Roberts water boil order lifted after nearly a month - East Idaho News

Roberts water boil order lifted after nearly a month

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ROBERTS – A boil order has been lifted after over a month of water quality issues in Roberts.

According to the Department of Environmental Quality, the boil order for the city of Roberts is lifted as of 4 p.m. on Tuesday.

RELATED | Boil order issued for Roberts after E.coli is found in water

Samples taken of the water on Monday showed on Tuesday that no harmful bacteria currently exist in the water system.

“After eighteen total coliform and E.coli bacteria samples were collected and returned absent between March 1, 2023, and March 13, 2023, the Department of Environment Quality concurs with the city of Robert’s decision to lift the Boil Order for E.coli that was issued Saturday, Feb. 25, 2023,” states a document from DEQ that was provided to the City of Roberts. “The city of Roberts and its licensed operator, Mountain West Environmental, will continue to collect additional samples throughout the distribution. Sample results will be made available for the public to access.”

The boil has been in place since Feb. 25, with a do not drink order in place before that from Feb. 9. to Feb. 10.

The city of Roberts received complaints on Feb. 9 from residents experiencing brown, dirty water that smelled strongly of chlorine. The city then posted a Facebook message that the water was still safe and DEQ had been contacted.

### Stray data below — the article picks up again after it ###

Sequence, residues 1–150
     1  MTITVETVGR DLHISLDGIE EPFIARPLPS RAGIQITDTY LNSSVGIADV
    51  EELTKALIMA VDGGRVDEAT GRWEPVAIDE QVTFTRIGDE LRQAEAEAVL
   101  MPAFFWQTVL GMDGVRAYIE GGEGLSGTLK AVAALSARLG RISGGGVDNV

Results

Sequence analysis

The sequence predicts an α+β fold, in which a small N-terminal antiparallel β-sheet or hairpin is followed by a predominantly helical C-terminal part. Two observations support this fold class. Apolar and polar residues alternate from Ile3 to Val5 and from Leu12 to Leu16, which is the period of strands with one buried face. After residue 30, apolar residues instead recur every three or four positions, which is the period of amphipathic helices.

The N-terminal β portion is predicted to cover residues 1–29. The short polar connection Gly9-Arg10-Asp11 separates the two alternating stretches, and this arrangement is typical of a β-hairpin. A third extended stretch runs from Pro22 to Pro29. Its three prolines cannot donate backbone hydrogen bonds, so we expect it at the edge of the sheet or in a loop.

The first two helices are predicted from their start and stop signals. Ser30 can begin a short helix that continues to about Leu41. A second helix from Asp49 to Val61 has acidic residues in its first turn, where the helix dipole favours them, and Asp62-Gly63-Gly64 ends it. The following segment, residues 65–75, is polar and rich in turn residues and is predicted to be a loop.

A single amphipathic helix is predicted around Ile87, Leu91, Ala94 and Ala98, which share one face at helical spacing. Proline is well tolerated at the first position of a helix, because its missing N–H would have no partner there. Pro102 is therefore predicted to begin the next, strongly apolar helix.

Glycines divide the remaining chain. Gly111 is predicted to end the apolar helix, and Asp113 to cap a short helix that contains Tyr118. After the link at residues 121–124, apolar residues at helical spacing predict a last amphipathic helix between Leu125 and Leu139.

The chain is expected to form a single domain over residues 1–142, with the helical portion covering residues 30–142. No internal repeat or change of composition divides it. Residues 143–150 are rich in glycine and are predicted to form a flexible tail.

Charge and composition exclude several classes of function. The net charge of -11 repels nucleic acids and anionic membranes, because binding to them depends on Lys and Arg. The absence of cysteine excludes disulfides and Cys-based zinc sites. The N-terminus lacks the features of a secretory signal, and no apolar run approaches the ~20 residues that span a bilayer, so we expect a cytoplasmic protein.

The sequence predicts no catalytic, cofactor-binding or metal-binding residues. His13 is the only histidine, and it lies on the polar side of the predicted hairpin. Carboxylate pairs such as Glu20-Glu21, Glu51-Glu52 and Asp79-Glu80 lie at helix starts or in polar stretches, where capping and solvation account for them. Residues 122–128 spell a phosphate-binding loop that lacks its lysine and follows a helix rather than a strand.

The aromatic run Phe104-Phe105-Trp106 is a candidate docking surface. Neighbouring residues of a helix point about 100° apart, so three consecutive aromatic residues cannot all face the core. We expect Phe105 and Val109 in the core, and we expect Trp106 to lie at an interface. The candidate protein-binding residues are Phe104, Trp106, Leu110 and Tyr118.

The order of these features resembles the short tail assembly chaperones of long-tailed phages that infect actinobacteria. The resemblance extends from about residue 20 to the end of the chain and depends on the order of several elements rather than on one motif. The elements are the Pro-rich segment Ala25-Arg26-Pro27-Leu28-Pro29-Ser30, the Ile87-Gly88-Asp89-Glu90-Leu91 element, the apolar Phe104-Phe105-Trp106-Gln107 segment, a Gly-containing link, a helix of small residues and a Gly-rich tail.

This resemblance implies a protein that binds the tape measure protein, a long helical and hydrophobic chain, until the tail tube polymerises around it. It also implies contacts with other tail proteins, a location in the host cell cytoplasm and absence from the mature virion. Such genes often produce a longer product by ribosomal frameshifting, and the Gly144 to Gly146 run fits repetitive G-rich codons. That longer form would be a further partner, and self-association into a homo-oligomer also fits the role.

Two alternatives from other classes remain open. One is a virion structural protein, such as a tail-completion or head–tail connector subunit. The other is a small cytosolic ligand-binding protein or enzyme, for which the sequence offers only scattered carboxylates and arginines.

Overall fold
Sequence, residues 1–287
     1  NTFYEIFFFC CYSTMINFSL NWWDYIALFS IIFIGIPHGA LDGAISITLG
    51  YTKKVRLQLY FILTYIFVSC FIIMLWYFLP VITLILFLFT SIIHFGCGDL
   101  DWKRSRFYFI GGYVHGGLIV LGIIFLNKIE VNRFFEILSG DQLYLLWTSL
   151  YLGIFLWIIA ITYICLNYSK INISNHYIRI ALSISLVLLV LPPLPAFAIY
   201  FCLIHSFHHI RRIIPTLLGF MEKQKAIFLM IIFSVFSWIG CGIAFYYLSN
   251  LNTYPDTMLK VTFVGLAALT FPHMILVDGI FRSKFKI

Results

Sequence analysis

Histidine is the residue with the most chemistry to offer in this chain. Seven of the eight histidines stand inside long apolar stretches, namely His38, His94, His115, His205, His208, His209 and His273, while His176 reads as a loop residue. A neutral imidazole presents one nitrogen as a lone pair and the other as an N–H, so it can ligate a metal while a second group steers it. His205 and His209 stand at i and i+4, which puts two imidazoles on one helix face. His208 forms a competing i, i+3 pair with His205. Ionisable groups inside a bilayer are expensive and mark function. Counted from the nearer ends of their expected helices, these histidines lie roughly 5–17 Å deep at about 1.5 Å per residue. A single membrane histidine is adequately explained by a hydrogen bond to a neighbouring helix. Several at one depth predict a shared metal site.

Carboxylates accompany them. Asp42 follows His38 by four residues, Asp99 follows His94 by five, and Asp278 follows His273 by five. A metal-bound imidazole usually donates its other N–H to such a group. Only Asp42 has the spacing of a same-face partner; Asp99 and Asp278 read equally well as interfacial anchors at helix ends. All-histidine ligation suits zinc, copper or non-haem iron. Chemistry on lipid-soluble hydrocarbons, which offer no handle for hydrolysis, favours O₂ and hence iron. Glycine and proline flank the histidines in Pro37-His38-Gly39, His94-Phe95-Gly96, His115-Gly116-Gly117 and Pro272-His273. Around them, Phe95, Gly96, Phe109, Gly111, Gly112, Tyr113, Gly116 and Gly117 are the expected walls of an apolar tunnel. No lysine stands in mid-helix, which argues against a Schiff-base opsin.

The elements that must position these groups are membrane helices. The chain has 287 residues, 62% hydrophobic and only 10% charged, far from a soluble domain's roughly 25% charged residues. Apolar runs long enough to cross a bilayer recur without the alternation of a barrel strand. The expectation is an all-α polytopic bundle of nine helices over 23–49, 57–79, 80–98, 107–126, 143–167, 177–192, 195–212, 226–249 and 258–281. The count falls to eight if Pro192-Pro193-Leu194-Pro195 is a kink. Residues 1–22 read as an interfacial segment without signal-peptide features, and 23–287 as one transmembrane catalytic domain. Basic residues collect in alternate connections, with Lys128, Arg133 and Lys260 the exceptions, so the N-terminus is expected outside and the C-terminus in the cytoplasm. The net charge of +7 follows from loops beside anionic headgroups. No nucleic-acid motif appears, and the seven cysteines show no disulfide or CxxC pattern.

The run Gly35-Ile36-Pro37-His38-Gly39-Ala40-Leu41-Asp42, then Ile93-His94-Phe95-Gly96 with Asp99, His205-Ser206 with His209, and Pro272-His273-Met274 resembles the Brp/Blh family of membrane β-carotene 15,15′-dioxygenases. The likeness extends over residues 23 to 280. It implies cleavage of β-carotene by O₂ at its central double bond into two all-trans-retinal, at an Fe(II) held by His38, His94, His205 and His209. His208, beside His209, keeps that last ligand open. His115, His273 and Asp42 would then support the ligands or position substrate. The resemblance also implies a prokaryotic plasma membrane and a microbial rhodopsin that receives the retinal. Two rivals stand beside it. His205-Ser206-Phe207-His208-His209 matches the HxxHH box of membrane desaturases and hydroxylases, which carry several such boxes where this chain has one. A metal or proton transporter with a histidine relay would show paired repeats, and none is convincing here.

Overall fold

The city later backtracked and said DEQ had actually contacted the city with concerns about water quality.

Later that evening, the city posted another message advising city residents not to drink the water and stating that a “do not drink” order had been issued by DEQ, which is different than a boil order. The city did not post any instructions differentiating the two types of orders.

RELATED | Residents are concerned and the DEQ is involved after water in Roberts comes out brown

Residents later learned that there had been an over-chlorination event, causing the levels of chlorine in the water system to be higher than the Environmental Protection Agencies allow.

The over-chlorination was reportedly due to the city switching water wells without contacting DEQ to confirm the necessary processes and failing to conduct several of the regulations required by DEQ in event that the city needed to switch wells.

The switching of the well later led to harmful bacteria, including E.Coli, being introduced into the water from the use of an older storage tank that had never been cleaned, along with a well that hadn’t been disinfected, according to Kelsey Carter, a Drinking Water Compliance Officer at DEQ.

According to Carter, a community system like Roberts will normally sample bacteria once a month, but in this situation, both DEQ and the city of Roberts have been taking multiple samples for multiple contaminants several times per week. All sample results are available on DEQ’S website.

RELATED | Roberts mayor apologizes for month long boil order, explains what’s next for water system

DEQ reminds the public to be aware that further repairs are still being conducted on the city of Roberts’ primary well.

“Mountain West Environmental remains in continuous contact with DEQ staff providing updates being made to the system,” states DEQ in the document. “Required and additional testing will be performed before water from the primary well is allowed to be distributed in the community.”

Residents should also conduct a complete flush of the plumbing systems in their homes.

Read here to learn how to conduct a full and proper flush of your water pipes.